Full text: Mrs. Dalloway

Horror! horror! she wanted to cry. (She had left her 
people; they had warned her what would happen.) 
Why hadn’t she stayed at home? she cried, twisting 
the knob of the iron railing. 
That girl, thought Mrs. Dempster (who saved crusts 
for the squirrels and often ate her lunch in Regent's 
Park), don’t know a thing yet; and really it seemed to 
her better to be a little stout, a little slack, a little 
moderate in one’s expectations. Percy drank. Well, 
better to have a son, thought Mrs. Dempster. She had 
had a hard time of it, and couldn’t help smiling at a girl 
like that. You'll get married, for you're pretty enough, 
thought Mrs. Dempster. Get married, she thought, and 
then you’ll know. Oh, the cooks, and so on. Every man 
has his ways. But whether I'd have chosen quite like 
that if I could have known, thought Mrs. Dempster, and 
could not help wishing to whisper a word to Maisie 
Johnson; to feel on the creased pouch of her worn old 
face the kiss of pity. For it’s been a hard life, thought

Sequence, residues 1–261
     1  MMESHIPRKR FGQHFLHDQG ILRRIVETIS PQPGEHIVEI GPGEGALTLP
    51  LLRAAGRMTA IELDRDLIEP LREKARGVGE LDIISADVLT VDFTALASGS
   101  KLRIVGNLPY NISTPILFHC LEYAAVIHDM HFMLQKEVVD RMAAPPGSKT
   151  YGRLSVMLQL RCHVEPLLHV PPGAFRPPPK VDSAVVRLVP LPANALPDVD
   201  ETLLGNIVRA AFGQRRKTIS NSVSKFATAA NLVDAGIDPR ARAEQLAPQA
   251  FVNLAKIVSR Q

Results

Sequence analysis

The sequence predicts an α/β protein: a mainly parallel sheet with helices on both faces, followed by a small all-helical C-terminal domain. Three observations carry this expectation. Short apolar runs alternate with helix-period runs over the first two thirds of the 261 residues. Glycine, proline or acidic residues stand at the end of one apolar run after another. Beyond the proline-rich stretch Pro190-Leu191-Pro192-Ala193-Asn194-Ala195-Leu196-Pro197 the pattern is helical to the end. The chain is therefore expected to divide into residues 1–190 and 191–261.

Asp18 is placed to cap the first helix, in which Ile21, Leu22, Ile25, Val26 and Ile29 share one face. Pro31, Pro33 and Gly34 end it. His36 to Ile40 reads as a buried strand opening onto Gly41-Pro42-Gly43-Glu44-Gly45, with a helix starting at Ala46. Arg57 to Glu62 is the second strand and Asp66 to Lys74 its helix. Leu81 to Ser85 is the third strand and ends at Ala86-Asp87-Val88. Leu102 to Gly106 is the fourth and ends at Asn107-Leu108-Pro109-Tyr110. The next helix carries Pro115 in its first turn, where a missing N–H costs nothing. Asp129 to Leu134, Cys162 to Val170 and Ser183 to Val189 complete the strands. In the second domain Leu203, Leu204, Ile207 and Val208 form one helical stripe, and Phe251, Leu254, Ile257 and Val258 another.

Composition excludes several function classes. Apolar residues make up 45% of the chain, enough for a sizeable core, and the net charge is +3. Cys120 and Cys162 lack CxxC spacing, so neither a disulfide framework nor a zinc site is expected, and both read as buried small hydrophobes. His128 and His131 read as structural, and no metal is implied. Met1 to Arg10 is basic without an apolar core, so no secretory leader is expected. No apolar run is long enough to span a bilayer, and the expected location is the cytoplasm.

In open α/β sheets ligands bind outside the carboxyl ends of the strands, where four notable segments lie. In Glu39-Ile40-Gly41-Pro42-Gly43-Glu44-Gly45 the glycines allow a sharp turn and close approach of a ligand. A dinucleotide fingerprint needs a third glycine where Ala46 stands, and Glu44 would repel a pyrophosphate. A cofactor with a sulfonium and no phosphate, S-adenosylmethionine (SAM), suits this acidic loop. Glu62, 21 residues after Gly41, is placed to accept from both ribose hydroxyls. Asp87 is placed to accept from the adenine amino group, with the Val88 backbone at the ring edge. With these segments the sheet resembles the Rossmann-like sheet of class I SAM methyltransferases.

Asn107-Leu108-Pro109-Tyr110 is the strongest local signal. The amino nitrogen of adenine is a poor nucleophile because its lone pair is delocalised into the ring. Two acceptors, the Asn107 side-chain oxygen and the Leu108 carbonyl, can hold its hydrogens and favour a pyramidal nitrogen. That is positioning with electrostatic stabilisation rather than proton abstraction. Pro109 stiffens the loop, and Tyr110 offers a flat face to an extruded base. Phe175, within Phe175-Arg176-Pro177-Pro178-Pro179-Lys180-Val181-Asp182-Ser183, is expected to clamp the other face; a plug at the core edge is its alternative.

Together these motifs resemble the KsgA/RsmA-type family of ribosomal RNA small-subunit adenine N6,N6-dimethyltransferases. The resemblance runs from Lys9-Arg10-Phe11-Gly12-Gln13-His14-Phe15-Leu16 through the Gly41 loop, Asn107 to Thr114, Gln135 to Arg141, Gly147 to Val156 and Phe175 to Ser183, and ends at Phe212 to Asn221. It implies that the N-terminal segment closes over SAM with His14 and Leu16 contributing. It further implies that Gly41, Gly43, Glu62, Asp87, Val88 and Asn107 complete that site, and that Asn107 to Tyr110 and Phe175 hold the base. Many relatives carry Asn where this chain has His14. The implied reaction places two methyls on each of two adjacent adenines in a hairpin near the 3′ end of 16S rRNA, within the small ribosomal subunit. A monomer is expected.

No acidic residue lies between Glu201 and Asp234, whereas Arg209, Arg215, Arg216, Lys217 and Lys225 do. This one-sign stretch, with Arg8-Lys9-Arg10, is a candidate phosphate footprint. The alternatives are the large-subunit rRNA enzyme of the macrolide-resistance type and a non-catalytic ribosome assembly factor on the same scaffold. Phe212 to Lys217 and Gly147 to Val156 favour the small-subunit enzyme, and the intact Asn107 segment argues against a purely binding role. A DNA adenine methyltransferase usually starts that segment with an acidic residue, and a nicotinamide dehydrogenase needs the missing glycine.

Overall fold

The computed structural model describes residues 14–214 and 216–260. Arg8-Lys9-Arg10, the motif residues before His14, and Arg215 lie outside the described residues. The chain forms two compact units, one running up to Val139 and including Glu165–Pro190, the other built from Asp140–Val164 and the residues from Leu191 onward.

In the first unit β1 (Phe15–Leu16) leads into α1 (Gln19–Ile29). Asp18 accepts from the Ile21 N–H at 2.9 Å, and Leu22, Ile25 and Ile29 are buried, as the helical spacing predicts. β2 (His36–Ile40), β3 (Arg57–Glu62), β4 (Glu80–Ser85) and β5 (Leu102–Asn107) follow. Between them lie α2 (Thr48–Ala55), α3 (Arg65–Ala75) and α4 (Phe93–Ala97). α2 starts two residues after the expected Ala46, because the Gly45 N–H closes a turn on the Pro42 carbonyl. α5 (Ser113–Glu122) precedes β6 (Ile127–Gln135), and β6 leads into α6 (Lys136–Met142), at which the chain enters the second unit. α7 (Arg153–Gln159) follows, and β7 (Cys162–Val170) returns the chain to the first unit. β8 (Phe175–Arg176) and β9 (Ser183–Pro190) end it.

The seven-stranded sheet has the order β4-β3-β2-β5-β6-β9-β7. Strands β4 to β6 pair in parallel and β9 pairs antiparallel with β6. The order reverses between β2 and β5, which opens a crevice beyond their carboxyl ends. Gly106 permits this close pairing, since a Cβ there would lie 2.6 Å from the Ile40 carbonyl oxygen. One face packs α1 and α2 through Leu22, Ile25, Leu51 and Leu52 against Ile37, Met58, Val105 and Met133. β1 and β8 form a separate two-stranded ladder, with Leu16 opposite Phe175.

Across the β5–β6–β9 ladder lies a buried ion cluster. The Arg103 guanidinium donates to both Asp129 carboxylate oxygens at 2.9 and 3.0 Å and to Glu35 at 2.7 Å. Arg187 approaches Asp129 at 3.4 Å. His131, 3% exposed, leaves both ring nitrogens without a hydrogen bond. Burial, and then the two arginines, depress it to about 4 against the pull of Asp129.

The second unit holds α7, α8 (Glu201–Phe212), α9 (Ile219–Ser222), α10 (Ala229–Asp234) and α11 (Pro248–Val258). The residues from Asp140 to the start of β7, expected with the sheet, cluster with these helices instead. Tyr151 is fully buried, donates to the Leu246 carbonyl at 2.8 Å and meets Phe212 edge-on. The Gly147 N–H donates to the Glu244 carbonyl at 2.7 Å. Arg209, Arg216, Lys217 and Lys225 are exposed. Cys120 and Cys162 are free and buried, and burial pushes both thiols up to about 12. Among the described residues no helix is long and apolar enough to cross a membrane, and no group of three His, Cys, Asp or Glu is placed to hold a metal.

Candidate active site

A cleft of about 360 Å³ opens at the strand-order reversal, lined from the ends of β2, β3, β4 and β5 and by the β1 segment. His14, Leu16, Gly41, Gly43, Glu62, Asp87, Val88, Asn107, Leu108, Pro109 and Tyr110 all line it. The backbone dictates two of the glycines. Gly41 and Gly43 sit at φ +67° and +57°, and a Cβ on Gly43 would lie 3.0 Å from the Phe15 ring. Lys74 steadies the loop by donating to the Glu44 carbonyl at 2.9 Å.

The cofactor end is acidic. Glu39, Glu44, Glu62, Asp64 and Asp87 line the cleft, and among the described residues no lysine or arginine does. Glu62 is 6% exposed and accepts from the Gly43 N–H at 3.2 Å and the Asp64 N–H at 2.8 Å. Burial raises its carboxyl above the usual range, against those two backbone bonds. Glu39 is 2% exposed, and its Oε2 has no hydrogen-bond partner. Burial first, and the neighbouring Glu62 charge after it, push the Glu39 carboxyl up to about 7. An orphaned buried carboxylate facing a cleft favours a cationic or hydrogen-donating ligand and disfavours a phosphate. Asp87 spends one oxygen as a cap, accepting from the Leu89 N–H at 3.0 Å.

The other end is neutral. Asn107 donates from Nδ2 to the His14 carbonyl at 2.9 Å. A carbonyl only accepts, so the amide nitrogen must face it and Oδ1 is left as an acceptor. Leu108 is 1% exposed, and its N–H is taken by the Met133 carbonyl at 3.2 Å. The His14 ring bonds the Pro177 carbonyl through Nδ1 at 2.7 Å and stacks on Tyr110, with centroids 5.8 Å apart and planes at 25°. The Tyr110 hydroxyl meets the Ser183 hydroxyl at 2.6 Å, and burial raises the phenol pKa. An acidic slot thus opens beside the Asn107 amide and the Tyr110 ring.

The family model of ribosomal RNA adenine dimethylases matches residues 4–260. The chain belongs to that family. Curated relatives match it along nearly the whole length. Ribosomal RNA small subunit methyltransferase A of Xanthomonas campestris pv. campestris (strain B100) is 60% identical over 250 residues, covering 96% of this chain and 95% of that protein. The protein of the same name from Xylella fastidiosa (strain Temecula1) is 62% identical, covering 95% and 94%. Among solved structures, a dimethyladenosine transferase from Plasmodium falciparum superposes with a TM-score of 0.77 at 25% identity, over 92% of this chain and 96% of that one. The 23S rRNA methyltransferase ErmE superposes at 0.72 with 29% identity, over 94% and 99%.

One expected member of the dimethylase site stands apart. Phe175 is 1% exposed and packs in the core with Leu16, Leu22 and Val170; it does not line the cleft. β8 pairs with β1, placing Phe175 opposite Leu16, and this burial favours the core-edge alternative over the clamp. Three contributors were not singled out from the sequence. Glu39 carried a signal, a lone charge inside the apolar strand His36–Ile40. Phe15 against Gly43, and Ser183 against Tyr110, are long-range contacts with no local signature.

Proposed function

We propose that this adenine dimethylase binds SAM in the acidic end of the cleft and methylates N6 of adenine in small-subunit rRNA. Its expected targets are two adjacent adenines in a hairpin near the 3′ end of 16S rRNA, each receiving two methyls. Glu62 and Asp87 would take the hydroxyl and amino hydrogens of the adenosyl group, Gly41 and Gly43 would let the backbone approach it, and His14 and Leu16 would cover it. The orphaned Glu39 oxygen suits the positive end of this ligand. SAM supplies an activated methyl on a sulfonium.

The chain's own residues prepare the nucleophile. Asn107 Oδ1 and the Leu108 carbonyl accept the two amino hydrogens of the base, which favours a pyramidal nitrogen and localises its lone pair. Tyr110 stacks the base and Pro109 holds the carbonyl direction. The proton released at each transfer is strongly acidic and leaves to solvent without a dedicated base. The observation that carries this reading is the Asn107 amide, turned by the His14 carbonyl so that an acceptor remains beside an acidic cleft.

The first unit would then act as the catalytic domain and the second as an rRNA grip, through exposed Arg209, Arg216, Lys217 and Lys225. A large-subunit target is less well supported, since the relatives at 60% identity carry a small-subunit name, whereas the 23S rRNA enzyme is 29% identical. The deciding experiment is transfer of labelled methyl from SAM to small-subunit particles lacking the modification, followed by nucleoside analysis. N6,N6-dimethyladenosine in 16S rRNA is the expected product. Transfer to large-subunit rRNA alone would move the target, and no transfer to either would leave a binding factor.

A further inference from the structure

Mrs. Dempster. What hadn’t she given to it? Roses; 
figure; her feet too. (She drew the knobbed lumps 
beneath her skirt.) 
Roses, she thought sardonically. All trash, m’dear. 
For really, what with eating, drinking, and mating, the 
bad days and good, life had been no mere matter of 
roses, and what was more, let me tell you, Carrie 
Dempster had no wish to change her lot with any 
woman’s in Kentish Town! But, she implored, pity. 
Pity, for the loss of roses. Pity she asked of Maisie 
Johnson, standing by the hyacinth beds. 
Ah, but that aeroplane! Hadn’t Mrs. Dempster 
always longed to see foreign parts? Che had a nephew, 
a missionary. It soared and shot. She always went on 
the sea at Margate, not out o’ sight of land, but she had 

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